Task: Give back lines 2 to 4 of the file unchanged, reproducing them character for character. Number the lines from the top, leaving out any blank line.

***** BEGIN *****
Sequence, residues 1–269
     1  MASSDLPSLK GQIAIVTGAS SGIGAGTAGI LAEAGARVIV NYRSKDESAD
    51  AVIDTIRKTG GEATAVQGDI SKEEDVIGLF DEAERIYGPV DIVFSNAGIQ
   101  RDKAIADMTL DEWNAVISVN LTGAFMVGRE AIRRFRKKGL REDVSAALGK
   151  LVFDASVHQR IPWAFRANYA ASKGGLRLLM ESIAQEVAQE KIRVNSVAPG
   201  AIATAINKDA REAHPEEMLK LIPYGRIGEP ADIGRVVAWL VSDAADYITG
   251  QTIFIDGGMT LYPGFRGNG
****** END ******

     1  MASSDLPSLK GQIAIVTGAS SGIGAGTAGI LAEAGARVIV NYRSKDESAD
    51  AVIDTIRKTG GEATAVQGDI SKEEDVIGLF DEAERIYGPV DIVFSNAGIQ
   101  RDKAIADMTL DEWNAVISVN LTGAFMVGRE AIRRFRKKGL REDVSAALGK